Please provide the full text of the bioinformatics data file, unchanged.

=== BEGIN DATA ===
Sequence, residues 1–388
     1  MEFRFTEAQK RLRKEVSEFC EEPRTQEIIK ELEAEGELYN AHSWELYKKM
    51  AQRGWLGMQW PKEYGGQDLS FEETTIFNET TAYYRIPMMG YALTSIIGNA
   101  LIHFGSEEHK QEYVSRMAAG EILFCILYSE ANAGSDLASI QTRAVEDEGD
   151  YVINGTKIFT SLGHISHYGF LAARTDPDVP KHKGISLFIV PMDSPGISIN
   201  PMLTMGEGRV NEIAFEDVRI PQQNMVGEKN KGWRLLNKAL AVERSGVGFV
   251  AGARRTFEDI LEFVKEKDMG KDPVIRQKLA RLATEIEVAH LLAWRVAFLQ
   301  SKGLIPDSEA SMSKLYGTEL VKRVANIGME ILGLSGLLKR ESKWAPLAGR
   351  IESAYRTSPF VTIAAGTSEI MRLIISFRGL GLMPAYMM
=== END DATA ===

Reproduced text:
Sequence, residues 1–388
     1  MEFRFTEAQK RLRKEVSEFC EEPRTQEIIK ELEAEGELYN AHSWELYKKM
    51  AQRGWLGMQW PKEYGGQDLS FEETTIFNET TAYYRIPMMG YALTSIIGNA
   101  LIHFGSEEHK QEYVSRMAAG EILFCILYSE ANAGSDLASI QTRAVEDEGD
   151  YVINGTKIFT SLGHISHYGF LAARTDPDVP KHKGISLFIV PMDSPGISIN
   201  PMLTMGEGRV NEIAFEDVRI PQQNMVGEKN KGWRLLNKAL AVERSGVGFV
   251  AGARRTFEDI LEFVKEKDMG KDPVIRQKLA RLATEIEVAH LLAWRVAFLQ
   301  SKGLIPDSEA SMSKLYGTEL VKRVANIGME ILGLSGLLKR ESKWAPLAGR
   351  IESAYRTSPF VTIAAGTSEI MRLIISFRGL GLMPAYMM